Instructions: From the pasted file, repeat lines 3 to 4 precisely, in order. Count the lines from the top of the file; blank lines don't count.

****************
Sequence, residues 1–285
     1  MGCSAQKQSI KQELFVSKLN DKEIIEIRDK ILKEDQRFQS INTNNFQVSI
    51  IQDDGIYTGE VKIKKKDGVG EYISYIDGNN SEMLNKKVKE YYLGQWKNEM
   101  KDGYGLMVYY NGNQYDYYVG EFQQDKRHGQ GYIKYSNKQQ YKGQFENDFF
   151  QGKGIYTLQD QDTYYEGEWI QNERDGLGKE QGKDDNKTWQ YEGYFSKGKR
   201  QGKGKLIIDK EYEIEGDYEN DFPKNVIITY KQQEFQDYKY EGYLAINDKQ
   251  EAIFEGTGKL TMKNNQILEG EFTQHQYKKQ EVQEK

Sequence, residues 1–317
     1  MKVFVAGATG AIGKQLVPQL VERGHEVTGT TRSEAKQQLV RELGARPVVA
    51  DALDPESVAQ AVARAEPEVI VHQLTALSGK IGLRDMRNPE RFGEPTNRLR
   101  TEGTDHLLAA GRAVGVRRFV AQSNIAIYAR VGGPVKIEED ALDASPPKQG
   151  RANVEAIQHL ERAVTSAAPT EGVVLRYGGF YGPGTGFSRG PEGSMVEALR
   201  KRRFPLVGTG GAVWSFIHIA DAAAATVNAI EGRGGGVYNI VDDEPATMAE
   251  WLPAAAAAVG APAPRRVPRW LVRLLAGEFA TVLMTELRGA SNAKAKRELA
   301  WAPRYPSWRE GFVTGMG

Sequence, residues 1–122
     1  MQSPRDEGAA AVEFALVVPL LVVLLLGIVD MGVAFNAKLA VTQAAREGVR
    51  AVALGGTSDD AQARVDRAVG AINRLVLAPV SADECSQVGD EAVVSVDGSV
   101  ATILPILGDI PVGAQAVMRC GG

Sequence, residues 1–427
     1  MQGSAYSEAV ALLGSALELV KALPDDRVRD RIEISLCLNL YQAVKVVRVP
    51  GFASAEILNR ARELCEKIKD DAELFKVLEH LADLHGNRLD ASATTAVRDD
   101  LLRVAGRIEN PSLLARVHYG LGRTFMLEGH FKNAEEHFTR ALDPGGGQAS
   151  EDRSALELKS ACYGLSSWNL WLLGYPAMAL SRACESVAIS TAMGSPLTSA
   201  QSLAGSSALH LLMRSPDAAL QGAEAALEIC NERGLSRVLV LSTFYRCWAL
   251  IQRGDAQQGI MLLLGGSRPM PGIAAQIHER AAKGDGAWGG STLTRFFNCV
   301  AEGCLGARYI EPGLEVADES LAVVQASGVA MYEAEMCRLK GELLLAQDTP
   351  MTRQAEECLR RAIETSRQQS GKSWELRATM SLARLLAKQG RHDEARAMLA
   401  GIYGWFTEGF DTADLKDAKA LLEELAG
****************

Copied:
    51  IQDDGIYTGE VKIKKKDGVG EYISYIDGNN SEMLNKKVKE YYLGQWKNEM
   101  KDGYGLMVYY NGNQYDYYVG EFQQDKRHGQ GYIKYSNKQQ YKGQFENDFF